The best way to highlight errors is to make the input field border red, and let the browser position scroll to the first error. If you only handle errors and not scroll to the first error the customer will not be able to easily understand where the errors are. Not because its logic to us developers means it’s the same with customers.
It is important to include a continue and a back button, so that customers can always edit their details or even navigate to the start of the checkout process and select collection or international delivery. A tip when navigating is to always scroll to top when the content is loaded. (if your loading content via ajax)
On page requirements
- Automatic update for delivery charge based on postal code or country look up.
- Highlighted error borders around input field, scroll to first error.
- Special input fields (tel, email, text)
- Minimum input height 35px
- Add navigational buttons (back, continue)
Stage 4 : Review your order
Always allow your customer to change the quantity in the checkout, make the buttons large enough so that they are easily clicked on with a thumb. In this example I would have recommended the client to enlarge the buttons. But as with every development the client has the final word.
In this instance a customer can reduce the quantity to zero, when that happens you should show a page that the shopping basket is empty and add a link to the homepage so that they can continue shopping.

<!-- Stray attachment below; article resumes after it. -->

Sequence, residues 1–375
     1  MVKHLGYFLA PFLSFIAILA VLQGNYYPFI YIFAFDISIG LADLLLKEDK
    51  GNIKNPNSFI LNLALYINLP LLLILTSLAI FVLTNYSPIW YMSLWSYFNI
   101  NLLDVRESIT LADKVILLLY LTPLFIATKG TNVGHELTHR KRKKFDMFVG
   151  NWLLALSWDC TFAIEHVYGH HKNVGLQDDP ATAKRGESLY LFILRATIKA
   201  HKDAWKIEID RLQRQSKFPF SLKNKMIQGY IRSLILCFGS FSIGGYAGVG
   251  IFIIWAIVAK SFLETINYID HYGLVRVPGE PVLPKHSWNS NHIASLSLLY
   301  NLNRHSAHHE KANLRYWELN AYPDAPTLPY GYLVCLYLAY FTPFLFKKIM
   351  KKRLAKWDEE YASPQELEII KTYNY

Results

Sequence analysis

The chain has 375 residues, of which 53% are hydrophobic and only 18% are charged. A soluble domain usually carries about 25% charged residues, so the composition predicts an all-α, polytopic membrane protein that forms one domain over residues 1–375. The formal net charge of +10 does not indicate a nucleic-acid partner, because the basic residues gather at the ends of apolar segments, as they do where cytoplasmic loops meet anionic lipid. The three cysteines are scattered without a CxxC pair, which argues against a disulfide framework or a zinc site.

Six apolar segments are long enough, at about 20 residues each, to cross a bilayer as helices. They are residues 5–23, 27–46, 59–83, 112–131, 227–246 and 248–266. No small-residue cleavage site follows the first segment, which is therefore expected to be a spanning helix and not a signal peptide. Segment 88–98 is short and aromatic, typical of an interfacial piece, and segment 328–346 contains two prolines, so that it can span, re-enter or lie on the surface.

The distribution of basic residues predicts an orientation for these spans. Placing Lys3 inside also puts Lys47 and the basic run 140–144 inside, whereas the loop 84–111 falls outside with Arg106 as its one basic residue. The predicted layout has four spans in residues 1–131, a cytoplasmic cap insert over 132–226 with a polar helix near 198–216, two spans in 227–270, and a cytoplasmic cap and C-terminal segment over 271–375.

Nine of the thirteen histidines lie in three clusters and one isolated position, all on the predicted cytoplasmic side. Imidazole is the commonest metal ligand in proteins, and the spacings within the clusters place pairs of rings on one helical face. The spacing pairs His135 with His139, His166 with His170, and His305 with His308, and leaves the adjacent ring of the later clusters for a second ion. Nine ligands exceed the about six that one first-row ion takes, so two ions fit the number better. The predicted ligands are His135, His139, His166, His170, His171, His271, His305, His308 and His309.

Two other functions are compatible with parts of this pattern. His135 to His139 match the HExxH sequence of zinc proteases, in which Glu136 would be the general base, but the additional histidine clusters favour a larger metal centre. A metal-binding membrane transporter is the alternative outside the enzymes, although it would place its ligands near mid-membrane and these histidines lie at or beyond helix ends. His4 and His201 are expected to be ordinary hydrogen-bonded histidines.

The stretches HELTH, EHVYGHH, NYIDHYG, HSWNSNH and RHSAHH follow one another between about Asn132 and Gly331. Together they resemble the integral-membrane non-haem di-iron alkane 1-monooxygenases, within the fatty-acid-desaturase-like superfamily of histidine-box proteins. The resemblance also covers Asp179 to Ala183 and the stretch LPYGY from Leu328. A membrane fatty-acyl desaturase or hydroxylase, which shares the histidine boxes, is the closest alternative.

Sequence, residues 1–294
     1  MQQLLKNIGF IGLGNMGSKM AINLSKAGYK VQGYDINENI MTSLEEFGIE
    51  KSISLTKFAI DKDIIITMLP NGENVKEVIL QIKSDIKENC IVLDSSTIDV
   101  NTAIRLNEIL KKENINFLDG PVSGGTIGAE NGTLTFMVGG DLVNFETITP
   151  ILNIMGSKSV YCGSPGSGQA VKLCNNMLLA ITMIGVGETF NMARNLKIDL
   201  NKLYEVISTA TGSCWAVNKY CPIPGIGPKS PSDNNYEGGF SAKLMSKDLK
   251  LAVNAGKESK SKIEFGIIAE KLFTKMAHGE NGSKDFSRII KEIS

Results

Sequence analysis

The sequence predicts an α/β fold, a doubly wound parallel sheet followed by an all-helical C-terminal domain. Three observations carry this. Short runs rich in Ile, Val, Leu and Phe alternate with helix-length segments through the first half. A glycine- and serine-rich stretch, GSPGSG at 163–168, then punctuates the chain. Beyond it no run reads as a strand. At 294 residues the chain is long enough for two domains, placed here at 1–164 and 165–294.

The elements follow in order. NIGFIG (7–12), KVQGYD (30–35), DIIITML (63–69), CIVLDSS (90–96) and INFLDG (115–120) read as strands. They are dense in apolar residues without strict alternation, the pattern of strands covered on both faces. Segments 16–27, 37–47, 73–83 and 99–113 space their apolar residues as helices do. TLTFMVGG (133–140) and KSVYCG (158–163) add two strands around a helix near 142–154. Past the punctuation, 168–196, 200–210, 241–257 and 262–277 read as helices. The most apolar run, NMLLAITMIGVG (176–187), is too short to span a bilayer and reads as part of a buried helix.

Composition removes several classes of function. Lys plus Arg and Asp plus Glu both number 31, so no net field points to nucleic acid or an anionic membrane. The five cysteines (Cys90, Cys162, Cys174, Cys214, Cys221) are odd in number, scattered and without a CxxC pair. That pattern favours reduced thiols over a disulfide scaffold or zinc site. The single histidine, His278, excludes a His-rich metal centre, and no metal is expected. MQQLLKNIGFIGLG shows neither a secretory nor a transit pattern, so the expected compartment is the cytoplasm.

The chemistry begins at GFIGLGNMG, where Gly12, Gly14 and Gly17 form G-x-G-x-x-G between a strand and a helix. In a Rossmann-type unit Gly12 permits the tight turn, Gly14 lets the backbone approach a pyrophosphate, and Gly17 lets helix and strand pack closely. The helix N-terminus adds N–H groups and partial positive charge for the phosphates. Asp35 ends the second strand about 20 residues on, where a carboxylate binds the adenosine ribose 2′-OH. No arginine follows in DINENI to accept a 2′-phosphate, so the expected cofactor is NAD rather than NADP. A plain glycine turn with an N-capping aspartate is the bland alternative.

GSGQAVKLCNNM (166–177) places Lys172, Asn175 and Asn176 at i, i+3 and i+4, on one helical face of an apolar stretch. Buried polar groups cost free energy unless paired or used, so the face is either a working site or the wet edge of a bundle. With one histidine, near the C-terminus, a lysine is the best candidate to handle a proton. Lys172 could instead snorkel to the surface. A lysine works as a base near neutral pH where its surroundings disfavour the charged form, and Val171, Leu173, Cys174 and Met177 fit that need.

On page requirements
- Large enough buttons
- When basket is empty, give them the option to continue shopping
Stage Four : Card holder’s details
The details and functionality are exactly the same as stage two, only in this stage I have added the request for registering to a newsletter, adding an email field and auto complete button to copy the information from the delivery address details.
At this stage you could add the credit card details too, but for some UK business they are not PCI compliant or don’t want to be, which means they need to follow certain procedures to ensure that all details entered by the customers are secured and encrypted. In this instance the client didn’t want to be compliant.
This stage is also pretty long with all the fields that need to be filled out, it would be a good idea to separate them regardless to reduce the page length. Having to many fields on one page for a mobile device could have a negative effect and not a positive one.
Stage Five : Credit card details
Here again make sure you make the input type field tel so that the keyboard on mobile devices changes into a numeric only keyboard.
- PCI complient
- input type > tel for numeric only fields
- Never navigate away from the checkout, the chances are high when the exit the checkout that they will never continue.
- Make buttons large enough
- Provide easy to understand errors
- Scroll to the first error
- When using navigational buttons and ajax always scroll to top of the page after clicking the button
- Use the correct input type for each field
- Show the customer that the checkout is secure with images
- Try to reduce the page length
- Auto update delivery charge based on postal code / country
Other articles related to building a mobile checkout.
- Part 1 : The basics on how to build a mobile checkout
- Part 3 : Validating email addresses using jQuery for mobile checkout
- Part 4 : Building a mobile checkout, validating telephone number
- Part 5 : Validating credit cards with jQuery using Luhn Algorithm
- Mobile orientation and mobile detection using jQuery
- Test a mobile site using free tools using your desktop Chrome Browser